Vacuum is generated in a car engine by the action of the pistons moving up and down, sucking air in during one cycle of the strokes. To give the ideal air fuel mixture the air feeding the engine is restricted therefore a vacuum forms. The vacuum is often made use of by the braking system which uses it to provide power and assist in actuating the breaks.
The vacuum level can be used by a hypermilling driver to improve driving technique. The lowly vacuum gauge is the grand-daddy of fuel economy instrumentation.
Installing and using one remains a cost effective way to help a driver fine tune certain driving tasks for better efficiency, particularly "driving with load" (aka DWL - see the 100+ Hypermiling Tips)
As well as aiding efficiency, adding a vacuum gauge is useful as an indicator of the general health of an engine.
The purpose of a vacuum gauge is to measure how much throttle you are giving and how much load is on the engine. How it helps is by giving you feedback as to how hard you are on the throttle and can therefore ease off a little on the uphills and generally drive with as much vacuum as possible.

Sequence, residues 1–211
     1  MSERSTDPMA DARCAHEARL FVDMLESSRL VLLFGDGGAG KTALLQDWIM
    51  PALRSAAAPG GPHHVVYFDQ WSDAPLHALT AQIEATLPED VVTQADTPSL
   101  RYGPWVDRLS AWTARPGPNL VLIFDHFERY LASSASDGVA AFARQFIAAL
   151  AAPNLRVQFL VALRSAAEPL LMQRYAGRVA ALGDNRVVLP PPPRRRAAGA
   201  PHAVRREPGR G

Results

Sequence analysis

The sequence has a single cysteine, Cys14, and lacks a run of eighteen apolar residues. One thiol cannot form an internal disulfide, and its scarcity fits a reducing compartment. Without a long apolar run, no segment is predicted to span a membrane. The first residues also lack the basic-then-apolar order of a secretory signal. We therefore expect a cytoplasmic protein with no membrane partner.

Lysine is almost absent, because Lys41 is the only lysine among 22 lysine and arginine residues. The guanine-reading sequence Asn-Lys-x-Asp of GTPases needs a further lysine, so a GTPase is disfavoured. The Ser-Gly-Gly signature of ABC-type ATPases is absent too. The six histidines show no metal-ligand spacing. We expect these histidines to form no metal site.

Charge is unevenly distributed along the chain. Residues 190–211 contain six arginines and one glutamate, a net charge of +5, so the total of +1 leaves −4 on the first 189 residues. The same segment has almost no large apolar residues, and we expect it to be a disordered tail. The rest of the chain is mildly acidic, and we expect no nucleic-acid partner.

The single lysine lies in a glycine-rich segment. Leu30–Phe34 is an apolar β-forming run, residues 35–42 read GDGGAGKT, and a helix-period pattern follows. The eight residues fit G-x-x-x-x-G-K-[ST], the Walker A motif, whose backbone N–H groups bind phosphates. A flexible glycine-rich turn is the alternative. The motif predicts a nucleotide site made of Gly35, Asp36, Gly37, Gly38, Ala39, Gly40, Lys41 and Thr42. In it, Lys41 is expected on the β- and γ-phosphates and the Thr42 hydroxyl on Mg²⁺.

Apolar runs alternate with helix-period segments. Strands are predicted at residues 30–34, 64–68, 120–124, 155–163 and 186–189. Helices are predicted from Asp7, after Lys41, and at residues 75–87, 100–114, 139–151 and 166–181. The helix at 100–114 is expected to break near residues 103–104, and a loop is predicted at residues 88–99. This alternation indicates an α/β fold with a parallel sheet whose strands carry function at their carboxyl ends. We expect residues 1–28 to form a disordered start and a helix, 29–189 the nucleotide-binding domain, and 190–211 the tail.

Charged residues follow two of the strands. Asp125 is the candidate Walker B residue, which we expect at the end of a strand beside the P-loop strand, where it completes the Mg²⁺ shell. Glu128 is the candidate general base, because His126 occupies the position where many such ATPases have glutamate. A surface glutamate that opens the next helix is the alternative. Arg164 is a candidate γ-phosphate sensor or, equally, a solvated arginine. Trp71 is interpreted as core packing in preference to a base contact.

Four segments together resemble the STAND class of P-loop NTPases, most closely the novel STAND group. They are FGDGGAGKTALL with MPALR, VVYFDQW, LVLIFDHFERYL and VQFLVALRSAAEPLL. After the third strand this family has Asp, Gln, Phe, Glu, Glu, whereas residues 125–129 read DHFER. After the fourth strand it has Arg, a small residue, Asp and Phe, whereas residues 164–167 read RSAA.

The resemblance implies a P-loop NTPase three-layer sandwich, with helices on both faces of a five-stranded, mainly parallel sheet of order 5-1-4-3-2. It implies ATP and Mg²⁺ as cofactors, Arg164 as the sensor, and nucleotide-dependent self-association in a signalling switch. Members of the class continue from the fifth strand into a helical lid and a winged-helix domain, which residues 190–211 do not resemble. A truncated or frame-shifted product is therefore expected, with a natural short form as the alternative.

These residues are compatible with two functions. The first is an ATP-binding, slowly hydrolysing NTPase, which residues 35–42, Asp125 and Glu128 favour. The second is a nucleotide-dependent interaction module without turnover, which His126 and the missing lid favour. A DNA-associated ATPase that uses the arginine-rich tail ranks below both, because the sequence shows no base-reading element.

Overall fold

General Vacuum information
A normal car engine in good condition will provide vacuum equal to about 17 to 21 inches of mercury , normally expressed as in/Hg.
A vacuum gauge can help identify and diagnose engine problems like mismatched carbs, timing not set correctly, worn rings and valves, air leaks and other items.
Instructions for mod
Please enter your user name and any relevant data in the table
|User Name||Car Make, Model, Year||Cost of Mod||Time to Perform Mod||MPG Before Mod||MPG After Mod||MPG improvement guess||Instruction Link|
|Example Data Saand||Example Data Mazda, 626, 1991||Example Data $5 USD||Example Data 1 Hour||Example Data 27.2||Example Data 29.8||User mod detail or measurement detailed data|
Problems / Consequences of mod
-Faulty installation can result in a unsealed vacuum line resulting in poorer engine performance